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J Appl Physiol (1985). 2003 Oct;95(4):1717-27.

Invited review: Aging and sarcopenia.

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1
RM 066, St. Mary's Hospital, St. Joseph's Health Centre, 21 Grosvenor St., London, ON, Canada N6A 1Y6. tim.doherty@sjhc.london.on.ca

Abstract

Aging is associated with progressive loss of neuromuscular function that often leads to progressive disability and loss of independence. The term sarcopenia is now commonly used to describe the loss of skeletal muscle mass and strength that occurs in concert with biological aging. By the seventh and eighth decade of life, maximal voluntary contractile strength is decreased, on average, by 20-40% for both men and women in proximal and distal muscles. Although age-associated decreases in strength per unit muscle mass, or muscle quality, may play a role, the majority of strength loss can be accounted for by decreased muscle mass. Multiple factors lead to the development of sarcopenia and the associated impact on function. Loss of skeletal muscle fibers secondary to decreased numbers of motoneurons appears to be a major contributing influence, but other factors, including decreased physical activity, altered hormonal status, decreased total caloric and protein intake, inflammatory mediators, and factors leading to altered protein synthesis, must also be considered. The prevalence of sarcopenia, which may be as high as 30% for those >/=60 yr, will increase as the percentage of the very old continues to grow in our populations. The link between sarcopenia and disability among elderly men and women highlights the need for continued research into the development of the most effective interventions to prevent or at least partially reverse sarcopenia, including the role of resistance exercise and other novel pharmacological and nutritional interventions.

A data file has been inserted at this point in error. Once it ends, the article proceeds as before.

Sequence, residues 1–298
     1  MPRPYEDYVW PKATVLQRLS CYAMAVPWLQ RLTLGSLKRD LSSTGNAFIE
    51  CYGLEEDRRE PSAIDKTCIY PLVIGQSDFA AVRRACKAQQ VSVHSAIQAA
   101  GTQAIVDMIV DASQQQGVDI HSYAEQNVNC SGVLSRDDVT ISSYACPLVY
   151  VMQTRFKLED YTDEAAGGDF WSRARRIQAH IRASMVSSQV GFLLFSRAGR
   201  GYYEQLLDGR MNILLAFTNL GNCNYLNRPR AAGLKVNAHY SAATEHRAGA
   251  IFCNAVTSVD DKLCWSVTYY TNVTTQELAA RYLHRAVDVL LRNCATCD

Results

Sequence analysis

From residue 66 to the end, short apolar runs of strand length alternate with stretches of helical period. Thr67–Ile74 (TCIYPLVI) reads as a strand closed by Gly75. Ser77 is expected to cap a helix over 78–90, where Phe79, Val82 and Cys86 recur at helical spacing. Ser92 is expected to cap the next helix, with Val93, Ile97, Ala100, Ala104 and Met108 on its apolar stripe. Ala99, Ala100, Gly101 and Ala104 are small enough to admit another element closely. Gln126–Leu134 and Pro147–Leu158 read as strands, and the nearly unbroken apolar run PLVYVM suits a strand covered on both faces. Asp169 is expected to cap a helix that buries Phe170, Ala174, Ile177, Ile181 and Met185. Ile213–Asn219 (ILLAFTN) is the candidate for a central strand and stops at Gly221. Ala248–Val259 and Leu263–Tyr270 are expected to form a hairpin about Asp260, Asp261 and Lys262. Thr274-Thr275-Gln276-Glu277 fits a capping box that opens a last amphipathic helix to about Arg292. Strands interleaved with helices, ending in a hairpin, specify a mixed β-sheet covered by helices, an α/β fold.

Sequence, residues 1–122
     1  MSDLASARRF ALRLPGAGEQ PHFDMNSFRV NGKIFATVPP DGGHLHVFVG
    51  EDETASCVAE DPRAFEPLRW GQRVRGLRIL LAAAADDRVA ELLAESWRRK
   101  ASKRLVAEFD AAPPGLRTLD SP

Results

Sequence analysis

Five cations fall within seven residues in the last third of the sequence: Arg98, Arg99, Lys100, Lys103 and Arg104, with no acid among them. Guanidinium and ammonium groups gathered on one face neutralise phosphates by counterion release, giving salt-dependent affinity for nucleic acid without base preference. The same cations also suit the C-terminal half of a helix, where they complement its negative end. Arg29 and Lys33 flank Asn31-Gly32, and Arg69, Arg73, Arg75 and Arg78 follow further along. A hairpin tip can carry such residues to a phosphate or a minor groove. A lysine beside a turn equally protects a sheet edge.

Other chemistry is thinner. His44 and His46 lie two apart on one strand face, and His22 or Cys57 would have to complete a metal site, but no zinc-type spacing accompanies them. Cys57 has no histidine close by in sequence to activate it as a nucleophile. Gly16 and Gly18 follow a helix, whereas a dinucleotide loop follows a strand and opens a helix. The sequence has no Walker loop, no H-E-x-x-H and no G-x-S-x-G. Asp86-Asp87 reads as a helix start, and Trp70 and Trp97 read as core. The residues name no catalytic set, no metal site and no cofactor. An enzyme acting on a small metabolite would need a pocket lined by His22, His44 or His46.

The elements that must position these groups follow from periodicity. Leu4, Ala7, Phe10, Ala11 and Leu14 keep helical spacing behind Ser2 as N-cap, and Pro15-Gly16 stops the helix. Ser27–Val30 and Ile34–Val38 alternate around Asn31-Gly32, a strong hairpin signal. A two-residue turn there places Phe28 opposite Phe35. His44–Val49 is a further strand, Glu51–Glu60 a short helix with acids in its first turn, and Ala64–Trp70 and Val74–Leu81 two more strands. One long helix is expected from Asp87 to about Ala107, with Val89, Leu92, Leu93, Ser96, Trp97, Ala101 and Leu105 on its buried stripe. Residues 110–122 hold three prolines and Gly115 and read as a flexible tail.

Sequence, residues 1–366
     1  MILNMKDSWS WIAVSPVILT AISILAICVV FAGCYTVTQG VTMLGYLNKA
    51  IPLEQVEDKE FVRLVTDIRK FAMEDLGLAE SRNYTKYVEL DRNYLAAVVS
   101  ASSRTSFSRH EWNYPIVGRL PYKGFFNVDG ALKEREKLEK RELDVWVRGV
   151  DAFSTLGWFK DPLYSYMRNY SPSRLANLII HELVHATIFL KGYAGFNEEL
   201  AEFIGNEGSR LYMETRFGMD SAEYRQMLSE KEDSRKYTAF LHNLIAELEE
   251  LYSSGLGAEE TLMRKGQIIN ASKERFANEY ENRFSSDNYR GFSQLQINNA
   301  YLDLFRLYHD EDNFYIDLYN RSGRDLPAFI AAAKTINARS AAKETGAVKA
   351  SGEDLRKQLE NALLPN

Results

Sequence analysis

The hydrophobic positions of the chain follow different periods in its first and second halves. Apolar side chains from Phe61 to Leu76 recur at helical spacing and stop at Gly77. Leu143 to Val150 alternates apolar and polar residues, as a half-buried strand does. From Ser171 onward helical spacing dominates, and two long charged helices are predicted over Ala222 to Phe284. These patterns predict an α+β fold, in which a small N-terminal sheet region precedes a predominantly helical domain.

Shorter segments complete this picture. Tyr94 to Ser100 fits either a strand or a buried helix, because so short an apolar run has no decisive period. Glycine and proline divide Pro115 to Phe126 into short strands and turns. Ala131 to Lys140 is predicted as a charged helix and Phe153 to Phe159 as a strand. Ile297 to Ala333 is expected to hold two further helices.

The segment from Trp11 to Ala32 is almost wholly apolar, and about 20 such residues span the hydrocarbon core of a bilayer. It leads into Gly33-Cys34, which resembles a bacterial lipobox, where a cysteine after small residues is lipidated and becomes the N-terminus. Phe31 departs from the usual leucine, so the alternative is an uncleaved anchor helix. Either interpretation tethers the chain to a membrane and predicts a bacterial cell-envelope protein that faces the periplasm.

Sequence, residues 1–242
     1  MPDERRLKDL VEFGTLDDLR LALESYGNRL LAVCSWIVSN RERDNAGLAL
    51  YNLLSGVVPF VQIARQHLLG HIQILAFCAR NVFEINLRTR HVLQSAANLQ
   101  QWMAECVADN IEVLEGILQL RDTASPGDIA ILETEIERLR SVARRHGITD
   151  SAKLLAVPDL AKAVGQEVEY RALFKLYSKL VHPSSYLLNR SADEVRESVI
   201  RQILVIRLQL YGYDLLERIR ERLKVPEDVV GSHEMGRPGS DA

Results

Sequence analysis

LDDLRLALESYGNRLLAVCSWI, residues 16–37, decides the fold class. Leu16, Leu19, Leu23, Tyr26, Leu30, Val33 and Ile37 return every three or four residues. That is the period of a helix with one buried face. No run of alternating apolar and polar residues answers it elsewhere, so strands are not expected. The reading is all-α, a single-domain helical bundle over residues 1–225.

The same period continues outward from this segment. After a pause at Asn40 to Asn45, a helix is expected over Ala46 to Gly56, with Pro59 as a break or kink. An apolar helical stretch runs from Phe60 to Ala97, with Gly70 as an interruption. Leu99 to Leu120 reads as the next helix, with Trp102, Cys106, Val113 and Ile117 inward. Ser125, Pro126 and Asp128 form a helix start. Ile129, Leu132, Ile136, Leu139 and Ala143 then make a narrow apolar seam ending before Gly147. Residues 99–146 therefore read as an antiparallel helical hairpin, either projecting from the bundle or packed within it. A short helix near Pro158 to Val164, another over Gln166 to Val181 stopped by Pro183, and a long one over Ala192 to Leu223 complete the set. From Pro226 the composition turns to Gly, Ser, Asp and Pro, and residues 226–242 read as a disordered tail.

PMID:
12970377
DOI:
10.1152/japplphysiol.00347.2003
[Indexed for MEDLINE]
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